At some point in your trailer-backing career, you’re going to accept the fact that watching someone back a trailer into a campsite is sometimes the best entertainment in the campground. What you do with this knowledge is up to you.
8. Pull Forward
Your goal here is to align the passenger side of the tow vehicle and trailer about a foot from the edge of the road until the front axle of the trailer is in line with the traffic cone that you placed in the previous step.
9. Place Your Hands at the Bottom of the Steering Wheel
Want to avoid doing mental gymnastics when you back your trailer? Having your hands on the bottom half of the steering wheel allows you to turn it in the direction you want the trailer to go. It’s so much easier than having your hands on the top half of the steering wheel and turning it the opposite way you want the trailer to go.
Try having your left hand at “8” and your right hand at “4”. (You can thank me later!)
10. Get Your Trailer Headed Into the Campsite
Turn your front wheels to the right and pull forward. This will get your trailer headed into the approximate direction of the campsite you’re backing into. You’ll need to adjust the angle of the trailer from here.
11. Straighten Your Wheels and Back Up Slow and Steady
Turn your steering wheel counterclockwise and back up a few feet as you watch over your shoulder or in your driver’s side mirror. With your hands at the bottom of your steering wheel, turn it in the direction you want the trailer to go. At this point, you’ll want to make subtle adjustments to your steering to get the trailer pointed right into the spot you chose in your walkaround. After this point, your tow vehicle will be following the trailer, more or less. Beware of oversteering.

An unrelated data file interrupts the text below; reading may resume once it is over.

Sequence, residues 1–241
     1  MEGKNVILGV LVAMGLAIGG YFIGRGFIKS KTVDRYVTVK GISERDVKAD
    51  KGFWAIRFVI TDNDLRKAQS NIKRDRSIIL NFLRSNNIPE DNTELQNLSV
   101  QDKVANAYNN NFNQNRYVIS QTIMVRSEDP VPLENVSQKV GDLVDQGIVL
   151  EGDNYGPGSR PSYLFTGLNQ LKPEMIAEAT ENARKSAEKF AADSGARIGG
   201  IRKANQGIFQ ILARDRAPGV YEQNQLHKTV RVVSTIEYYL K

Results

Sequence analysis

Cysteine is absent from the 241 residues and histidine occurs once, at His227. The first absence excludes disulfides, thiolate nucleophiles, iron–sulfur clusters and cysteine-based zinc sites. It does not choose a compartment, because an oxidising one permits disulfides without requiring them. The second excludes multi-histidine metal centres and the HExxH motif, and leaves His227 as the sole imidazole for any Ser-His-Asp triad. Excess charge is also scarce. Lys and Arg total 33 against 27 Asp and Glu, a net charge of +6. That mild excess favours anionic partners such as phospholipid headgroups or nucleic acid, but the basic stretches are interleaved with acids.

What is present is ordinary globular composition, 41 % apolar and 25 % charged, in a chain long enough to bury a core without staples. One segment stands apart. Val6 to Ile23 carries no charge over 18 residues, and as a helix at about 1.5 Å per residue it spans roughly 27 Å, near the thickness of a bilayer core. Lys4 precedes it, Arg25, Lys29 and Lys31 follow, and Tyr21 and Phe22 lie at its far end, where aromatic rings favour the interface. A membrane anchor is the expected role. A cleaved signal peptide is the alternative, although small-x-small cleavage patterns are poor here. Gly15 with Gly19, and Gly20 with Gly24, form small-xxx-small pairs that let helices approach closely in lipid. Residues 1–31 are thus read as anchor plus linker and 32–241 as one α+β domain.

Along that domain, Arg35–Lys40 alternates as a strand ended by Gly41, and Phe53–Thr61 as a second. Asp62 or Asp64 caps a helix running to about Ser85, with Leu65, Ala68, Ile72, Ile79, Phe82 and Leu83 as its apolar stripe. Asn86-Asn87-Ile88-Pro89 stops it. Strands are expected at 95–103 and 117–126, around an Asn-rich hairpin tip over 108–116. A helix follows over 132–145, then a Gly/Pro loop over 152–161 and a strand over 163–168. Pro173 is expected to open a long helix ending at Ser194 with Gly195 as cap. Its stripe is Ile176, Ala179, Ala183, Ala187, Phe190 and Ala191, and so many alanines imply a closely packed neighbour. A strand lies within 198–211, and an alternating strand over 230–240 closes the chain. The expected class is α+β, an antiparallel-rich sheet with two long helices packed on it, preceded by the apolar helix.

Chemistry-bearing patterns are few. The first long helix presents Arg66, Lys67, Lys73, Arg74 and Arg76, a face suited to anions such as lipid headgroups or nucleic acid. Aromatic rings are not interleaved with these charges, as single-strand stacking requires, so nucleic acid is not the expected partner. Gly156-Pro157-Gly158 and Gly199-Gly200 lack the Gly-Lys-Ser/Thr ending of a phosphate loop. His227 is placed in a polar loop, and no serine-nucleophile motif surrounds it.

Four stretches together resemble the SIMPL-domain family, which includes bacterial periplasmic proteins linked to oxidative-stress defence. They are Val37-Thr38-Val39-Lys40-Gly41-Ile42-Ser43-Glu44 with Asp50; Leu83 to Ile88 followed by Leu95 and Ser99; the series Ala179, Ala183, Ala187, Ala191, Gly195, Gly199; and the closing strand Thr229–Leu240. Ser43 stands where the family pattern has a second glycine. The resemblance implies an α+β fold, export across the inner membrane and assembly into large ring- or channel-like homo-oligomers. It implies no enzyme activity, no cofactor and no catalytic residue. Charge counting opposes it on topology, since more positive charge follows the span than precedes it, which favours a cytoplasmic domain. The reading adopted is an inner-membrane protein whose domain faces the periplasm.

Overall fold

12. Once the Trailer Is Backing Straight Into the Campsite, Stop.
Now is a good time to get out and walk around the back of the trailer to double-check and make sure you aren’t going to back into a firepit, picnic table, branch, or other object that could potentially damage your RV. Because it’s always better to double-check and be safe than it is to explain how you damaged your beautiful RV to an insurance claims agent.
13. Move the Traffic Cone to Where You Want the Back of the Trailer
While you’re out looking for obstacles to avoid, pick up the traffic cone you set. Place it where you want the rear driver’s side of the trailer to wind up. If you have a bike rack on the back of your trailer, you’ll want to allow room for it.
Master the Art of Solo Trailer Backing with Confidence
Backing up a trailer solo may seem like a daunting task at first, but with the right techniques and plenty of practice, you’ll soon become a pro. Remember, the key to successful trailer backing is preparation and focus. From setting your mirrors correctly to choosing the right campsite and using markers, each step is crucial in ensuring a smooth and safe process.
Don’t let the stares of other campers distract you; instead, use it as an opportunity to showcase your newly acquired skills. And always, always double-check for obstacles before making that final push into your campsite. With these tips in hand, you’re not just backing up a trailer; you’re backing it up with confidence and precision. So go ahead, take that solo camping trip you’ve been dreaming of—now you’re more than ready for it.